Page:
The second bill introduced by Sen. Harkin, the Air Carrier Access Amendment Act (Senate bill S.556), would amend the Air Carrier Access Act (ACAA) to require that U.S. air carriers offer captions and video descriptions for all visually displayed in-flight entertainment, and to provide alternatives to touch screen controls. Airlines would have 180 days after enactment to implement captioning and descriptions. The government would have 18 months after enactment to come up with standards for alternative touch screen controls; once those are published, the airlines would then 180 days to implement such controls.
The current state of accessibility of visual content on airplanes is spotty at best. The ACAA requires that in-flight safety messages be captioned. A small number of airlines, such as Continental, Qantas and Emirates, offer captioning voluntarily. DirecTV offers captions on their programming that’s available on airlines such as Delta and JetBlue, but movies offered by those airlines aren’t captioned. No airlines are currently offering video descriptions or alternatives to touch screen controls. Again, the bill would not require the implementation of specific captioning or description technologies.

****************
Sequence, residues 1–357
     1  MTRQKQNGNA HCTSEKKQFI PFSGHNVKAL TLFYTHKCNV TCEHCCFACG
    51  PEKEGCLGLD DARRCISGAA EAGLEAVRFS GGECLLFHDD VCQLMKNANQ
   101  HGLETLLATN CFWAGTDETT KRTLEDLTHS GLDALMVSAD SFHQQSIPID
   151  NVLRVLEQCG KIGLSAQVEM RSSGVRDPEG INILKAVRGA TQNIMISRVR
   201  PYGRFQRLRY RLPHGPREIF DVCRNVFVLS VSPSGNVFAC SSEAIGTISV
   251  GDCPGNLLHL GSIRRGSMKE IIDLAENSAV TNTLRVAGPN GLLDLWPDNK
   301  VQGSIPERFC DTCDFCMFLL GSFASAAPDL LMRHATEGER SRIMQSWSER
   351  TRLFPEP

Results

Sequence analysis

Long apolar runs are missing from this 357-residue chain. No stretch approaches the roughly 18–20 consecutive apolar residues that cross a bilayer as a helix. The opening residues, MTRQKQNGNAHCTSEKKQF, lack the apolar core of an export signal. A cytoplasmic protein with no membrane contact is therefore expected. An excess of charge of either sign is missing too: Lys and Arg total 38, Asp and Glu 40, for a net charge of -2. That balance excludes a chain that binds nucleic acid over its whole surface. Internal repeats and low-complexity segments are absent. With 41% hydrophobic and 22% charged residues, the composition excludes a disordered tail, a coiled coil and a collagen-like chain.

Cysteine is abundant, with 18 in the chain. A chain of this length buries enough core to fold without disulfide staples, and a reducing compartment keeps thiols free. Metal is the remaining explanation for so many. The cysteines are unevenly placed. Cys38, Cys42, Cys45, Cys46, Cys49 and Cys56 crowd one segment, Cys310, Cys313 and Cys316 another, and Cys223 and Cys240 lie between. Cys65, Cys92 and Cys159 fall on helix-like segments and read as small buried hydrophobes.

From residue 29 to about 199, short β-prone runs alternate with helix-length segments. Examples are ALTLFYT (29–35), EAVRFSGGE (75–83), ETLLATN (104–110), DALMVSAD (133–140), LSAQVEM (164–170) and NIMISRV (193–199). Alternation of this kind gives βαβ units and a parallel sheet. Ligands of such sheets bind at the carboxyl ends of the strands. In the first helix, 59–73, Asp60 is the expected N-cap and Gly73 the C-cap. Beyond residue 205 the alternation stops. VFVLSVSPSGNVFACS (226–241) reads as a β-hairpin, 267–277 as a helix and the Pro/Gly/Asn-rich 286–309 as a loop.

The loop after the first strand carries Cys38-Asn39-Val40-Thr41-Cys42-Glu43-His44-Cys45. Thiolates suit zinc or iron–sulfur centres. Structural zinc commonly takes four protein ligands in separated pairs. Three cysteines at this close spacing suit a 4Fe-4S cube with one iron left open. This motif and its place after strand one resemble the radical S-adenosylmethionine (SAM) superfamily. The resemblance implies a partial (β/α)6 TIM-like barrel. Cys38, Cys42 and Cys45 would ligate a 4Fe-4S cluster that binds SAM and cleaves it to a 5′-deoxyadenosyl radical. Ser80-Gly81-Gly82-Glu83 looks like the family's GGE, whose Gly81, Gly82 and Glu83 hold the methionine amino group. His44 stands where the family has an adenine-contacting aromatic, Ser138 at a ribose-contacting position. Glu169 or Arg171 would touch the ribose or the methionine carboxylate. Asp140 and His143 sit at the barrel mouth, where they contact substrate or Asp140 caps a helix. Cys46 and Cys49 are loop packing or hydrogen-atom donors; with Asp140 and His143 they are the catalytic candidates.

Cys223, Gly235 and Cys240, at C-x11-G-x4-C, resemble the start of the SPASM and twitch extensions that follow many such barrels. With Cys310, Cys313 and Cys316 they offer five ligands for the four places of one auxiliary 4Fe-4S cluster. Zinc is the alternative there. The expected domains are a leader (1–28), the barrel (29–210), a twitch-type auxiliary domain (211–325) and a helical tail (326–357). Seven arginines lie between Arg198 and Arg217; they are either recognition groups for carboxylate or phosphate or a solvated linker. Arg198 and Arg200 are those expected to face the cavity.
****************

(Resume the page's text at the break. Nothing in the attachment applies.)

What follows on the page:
NCAM, in addition to having developed technologies for providing captions and descriptions in theaters, has done research into making IFE systems accessible, so I asked their director, Larry Goldberg, about the likelihood of passage for these bills. Goldberg says that, while he has no special insight into whether the bills will pass, “in the past, legislation which supports the interests and needs of children and adults with disabilities often has bi–partisan support.” So, while it seems likely that these bills will get strong Congressional support, it remains to be seen how the theaters and airlines will react.
In any case, it’s a promising development, which I’ll be keeping an eye on.
Are you disabled? Have you had good or bad experiences trying to watch a movie in a theater or entertainment on a plane? Please share your experiences in the comments.
CORRECTION: An earlier version of this post described the CVAA as requiring descriptions for online videos; while the CVAA added a requirement for more video description on TV, it imposes no requirements for descriptions on online videos.
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